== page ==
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Name: People v. Armogeda
Case #: G048761
Court: CA Court of Appeal
District 4 DCA
Division: 3
Opinion Date: 01/20/2015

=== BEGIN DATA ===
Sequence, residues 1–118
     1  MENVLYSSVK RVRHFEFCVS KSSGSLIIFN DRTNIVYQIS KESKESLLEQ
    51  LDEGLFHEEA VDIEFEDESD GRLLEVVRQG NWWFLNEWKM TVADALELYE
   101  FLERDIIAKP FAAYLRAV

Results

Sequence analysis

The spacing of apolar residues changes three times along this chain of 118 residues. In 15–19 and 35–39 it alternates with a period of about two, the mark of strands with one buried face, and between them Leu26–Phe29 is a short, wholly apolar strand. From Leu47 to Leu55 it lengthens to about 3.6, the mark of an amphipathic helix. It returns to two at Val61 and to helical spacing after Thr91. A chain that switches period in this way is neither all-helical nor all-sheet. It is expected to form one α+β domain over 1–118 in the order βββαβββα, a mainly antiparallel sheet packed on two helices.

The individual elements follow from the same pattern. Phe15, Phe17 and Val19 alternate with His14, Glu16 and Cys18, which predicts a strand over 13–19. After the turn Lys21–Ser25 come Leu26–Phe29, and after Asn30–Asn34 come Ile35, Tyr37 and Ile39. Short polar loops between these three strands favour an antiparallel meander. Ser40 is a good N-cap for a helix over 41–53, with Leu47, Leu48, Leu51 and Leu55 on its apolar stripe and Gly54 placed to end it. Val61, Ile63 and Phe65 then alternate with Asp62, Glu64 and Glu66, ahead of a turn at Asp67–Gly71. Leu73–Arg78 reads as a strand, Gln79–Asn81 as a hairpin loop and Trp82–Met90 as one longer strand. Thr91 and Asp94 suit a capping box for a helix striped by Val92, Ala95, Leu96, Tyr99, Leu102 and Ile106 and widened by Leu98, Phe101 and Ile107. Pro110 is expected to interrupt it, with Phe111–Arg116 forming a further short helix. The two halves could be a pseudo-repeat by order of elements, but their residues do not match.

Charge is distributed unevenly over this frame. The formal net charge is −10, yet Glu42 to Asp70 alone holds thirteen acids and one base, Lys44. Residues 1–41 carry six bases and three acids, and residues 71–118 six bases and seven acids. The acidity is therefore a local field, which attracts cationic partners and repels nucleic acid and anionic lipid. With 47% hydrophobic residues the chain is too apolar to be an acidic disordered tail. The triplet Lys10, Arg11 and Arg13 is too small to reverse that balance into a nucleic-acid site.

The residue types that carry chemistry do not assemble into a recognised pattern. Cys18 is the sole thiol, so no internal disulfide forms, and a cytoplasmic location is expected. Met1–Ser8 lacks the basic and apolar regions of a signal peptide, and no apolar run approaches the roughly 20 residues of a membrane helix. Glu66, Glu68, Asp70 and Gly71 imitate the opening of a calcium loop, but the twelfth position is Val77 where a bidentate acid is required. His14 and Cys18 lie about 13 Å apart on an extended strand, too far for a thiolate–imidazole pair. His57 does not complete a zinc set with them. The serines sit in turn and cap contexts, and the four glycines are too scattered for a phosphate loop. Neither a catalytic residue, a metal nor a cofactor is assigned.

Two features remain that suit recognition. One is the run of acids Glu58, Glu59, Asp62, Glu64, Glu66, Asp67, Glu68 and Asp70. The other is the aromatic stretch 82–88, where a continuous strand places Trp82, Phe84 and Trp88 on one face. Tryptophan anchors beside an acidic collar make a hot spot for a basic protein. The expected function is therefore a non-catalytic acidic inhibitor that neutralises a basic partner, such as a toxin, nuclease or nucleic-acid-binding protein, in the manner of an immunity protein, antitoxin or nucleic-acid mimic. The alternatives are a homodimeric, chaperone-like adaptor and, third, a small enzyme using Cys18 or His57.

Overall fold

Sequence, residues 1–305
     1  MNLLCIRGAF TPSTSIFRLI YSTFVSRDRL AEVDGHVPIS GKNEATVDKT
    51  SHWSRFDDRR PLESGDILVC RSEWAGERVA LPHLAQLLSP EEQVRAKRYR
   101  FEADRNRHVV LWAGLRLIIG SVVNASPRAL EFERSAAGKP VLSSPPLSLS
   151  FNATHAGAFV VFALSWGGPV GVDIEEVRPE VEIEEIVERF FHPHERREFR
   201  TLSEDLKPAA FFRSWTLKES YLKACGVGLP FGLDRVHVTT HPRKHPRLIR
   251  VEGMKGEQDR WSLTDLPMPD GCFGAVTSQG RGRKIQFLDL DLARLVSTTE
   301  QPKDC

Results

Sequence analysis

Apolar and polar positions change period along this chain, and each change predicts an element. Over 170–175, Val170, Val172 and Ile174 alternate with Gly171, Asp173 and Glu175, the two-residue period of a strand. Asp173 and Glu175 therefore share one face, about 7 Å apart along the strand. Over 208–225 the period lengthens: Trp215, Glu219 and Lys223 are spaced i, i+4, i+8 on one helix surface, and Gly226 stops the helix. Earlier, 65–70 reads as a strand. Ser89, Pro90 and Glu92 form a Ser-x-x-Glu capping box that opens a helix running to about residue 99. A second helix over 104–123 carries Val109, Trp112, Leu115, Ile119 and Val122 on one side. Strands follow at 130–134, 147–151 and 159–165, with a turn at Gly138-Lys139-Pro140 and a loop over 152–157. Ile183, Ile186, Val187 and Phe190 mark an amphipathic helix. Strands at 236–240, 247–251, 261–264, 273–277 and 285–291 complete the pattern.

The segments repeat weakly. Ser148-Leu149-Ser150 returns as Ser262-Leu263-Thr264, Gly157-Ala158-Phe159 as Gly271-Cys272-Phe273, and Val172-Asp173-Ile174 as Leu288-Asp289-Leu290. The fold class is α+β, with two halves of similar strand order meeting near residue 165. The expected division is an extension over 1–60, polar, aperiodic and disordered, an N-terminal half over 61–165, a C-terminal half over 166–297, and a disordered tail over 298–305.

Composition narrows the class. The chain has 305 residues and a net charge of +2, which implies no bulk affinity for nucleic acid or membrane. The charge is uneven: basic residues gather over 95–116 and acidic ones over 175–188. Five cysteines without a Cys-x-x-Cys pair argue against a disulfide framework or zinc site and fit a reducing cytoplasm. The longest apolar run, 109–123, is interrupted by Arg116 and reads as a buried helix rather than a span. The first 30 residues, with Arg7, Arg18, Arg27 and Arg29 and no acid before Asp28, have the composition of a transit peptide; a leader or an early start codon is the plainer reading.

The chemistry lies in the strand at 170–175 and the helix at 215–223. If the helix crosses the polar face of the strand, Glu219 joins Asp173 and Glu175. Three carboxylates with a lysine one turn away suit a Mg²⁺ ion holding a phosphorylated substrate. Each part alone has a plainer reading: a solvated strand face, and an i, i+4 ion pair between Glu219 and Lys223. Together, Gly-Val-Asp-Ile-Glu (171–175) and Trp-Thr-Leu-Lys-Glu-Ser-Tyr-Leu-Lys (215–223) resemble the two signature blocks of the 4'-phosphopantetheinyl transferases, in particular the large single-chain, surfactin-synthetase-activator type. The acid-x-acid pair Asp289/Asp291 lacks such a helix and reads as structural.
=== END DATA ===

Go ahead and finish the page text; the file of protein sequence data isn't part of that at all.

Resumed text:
The Postrelease Community Supervision Act of 2011 unconstitutionally amended Proposition 36’s provisions prohibiting parole revocation for nonviolent drug possession crimes or parole violations. While on postrelease community supervision (PRCS) Armogeda committed a nonviolent drug possession crime (NVDP). The court revoked his PRCS and sentenced him to 90 days in jail over defense counsel’s objection that the Substance Abuse and Crime Prevention Act of 2000 (Prop. 36) prohibited revocation. Armogeda appealed. Held: Reversed. Although the appeal could be considered moot because Armogeda had served his period of incarceration, the Court of Appeal entertained it as a matter of continuing public interest because the issue could impact other persons whose PRCS is revoked for a NVDP. (See In re Walters (1975) 15 Cal.3d 738, 744.) Under Proposition 36, parole cannot be revoked if a parolee commits a NVDP except in very limited circumstances. (See Pen. Code, § 3063.1.) In 2011, the Legislature passed the Postrelease Community Supervision Act (Act), which created PRCS as another type of supervised release from prison. The Act permits PRCS to be revoked for NVDPs. The appellate court here concluded that the Act unconstitutionally amended Proposition 36 in so far as it allows supervised release to be terminated for NVDPs. The goal of both parole and PRCS is to provide oversight and guidance to inmates as they reintegrate into society. The Legislature may not change Proposition 36’s coverage by changing the name and the means of oversight without complying with the initiative’s amendment requirements. (See Cal. Const. art. II, § 10, subd. (c).) Proposition 36 permits amendment via a two-thirds vote of each house of the Legislature. This requirement was not satisfied.